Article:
Students explore on-the-job safety during the Industrial Revolution. In this Industrial Revolution lesson, students research primary and secondary sources to analyze workplaces for women during the aforementioned historical era.
How do people make decisions in a world where wants are unlimited, but resources are not? How do individuals and governments utilize scarce resources (human, natural, and capital) in different economic systems? Introduce your learners to the concept of economics with this lesson plan, and then guide them through a collaborative role-playing activity that will give them a better understanding of how, while all societies face the same economic questions, governments answer these questions differently through unique and varied economic systems.
Based on a New York Times article, "The College Drop-Out Boom," participants in a fishbowl discussion formulate and express opinions about the correlation between level of education, career options, and economic mobility. Ample procedural details and discussion questions are provided in this resource from the Learning Network. The link to a follow-up article recommended for homework isn't functional; use our link or search the article title on the Times site to find it.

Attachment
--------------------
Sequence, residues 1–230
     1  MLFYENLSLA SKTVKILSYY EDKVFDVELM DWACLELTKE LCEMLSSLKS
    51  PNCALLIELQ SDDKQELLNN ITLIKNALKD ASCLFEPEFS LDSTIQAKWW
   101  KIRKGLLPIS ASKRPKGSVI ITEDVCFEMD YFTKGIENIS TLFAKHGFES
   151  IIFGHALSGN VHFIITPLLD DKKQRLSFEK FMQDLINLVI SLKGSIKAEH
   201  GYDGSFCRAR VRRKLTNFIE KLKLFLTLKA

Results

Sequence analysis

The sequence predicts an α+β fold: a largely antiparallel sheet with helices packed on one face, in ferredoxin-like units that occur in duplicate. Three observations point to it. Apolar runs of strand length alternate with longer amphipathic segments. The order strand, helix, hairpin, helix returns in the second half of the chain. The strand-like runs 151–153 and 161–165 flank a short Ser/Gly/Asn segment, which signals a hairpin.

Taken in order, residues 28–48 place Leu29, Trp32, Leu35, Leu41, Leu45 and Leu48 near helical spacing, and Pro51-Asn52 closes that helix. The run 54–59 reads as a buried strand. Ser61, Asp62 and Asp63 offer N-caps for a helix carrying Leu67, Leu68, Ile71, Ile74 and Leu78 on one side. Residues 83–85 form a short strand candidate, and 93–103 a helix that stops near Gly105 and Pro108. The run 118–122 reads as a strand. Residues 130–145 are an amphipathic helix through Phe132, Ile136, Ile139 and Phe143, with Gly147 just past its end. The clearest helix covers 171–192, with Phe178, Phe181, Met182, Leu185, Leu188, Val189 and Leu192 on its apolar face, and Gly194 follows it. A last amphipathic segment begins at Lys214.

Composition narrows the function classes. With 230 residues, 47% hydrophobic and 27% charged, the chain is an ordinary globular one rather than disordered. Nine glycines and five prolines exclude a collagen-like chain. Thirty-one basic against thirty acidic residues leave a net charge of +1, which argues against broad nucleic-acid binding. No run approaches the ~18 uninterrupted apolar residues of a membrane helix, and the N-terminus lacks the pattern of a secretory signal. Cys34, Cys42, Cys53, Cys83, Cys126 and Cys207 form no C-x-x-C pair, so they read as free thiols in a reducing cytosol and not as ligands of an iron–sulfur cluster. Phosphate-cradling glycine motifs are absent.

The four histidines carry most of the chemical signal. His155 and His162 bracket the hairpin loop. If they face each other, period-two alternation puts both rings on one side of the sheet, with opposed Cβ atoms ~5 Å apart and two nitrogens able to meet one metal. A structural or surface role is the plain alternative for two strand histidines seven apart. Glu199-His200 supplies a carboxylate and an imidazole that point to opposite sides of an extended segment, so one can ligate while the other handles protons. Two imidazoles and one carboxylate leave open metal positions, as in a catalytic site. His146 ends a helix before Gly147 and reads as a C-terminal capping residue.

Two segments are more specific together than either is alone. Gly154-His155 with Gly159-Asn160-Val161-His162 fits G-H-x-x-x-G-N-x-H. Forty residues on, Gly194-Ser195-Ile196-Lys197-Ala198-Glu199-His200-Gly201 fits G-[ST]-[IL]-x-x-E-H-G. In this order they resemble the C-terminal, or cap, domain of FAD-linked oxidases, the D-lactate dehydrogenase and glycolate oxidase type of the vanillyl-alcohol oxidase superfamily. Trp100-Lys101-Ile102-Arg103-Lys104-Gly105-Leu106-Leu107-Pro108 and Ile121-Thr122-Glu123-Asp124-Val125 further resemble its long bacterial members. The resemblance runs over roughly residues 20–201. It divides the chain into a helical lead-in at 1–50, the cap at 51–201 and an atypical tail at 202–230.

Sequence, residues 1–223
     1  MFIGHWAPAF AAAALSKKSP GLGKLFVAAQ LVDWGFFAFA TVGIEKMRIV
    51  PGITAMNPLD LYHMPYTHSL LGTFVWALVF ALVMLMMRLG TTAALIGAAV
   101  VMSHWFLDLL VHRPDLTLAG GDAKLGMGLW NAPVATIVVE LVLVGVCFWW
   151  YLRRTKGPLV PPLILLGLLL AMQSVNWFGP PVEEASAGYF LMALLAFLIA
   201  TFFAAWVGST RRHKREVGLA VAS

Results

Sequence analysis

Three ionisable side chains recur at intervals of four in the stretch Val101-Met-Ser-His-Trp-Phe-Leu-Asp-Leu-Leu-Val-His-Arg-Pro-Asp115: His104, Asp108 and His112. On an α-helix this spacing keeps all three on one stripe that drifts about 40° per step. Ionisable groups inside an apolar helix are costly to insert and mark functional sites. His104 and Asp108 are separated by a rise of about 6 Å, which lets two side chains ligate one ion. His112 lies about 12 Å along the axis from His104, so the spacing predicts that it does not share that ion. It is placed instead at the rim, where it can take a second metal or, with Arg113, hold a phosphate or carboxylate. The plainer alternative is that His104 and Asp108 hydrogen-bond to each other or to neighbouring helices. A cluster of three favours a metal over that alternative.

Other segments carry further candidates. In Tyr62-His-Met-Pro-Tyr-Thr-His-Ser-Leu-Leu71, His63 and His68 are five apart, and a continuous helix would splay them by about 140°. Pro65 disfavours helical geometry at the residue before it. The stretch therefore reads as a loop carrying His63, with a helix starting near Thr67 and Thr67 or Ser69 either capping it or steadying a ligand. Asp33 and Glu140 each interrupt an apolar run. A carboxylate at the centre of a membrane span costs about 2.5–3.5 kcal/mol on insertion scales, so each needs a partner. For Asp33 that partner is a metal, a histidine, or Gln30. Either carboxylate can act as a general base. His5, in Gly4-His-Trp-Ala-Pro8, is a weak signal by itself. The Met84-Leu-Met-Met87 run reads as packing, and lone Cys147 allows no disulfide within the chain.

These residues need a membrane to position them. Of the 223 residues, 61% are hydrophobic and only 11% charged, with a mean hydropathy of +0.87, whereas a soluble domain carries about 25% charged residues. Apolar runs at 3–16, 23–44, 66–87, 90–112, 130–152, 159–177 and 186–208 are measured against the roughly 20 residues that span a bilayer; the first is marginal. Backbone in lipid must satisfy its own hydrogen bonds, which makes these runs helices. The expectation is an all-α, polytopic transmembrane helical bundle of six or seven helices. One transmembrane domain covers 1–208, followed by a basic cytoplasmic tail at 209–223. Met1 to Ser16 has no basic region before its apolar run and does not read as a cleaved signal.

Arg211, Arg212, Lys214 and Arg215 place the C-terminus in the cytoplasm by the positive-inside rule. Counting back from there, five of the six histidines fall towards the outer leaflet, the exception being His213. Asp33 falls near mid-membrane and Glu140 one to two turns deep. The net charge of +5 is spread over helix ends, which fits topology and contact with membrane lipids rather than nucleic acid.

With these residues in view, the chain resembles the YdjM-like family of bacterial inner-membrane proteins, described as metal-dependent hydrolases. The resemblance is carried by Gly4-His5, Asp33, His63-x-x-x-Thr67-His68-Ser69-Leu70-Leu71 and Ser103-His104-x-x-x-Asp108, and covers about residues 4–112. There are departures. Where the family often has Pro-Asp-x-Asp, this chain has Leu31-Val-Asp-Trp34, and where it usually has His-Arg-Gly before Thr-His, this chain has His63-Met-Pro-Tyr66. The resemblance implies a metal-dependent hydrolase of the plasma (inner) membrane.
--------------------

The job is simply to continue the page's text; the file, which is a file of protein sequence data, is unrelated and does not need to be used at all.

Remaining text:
In this social studies worksheet, 4th graders complete multiple choice questions about the Constitution, natural resources, economics, and more. Students complete 25 multiple choice questions.
Twelfth graders become aware of the environmental, social and economic issues related to the production of blue jeans. They explore the relationship between individual clothing choices as well as global issues. In addition, they summarize the conditions under which textile items are manufactured.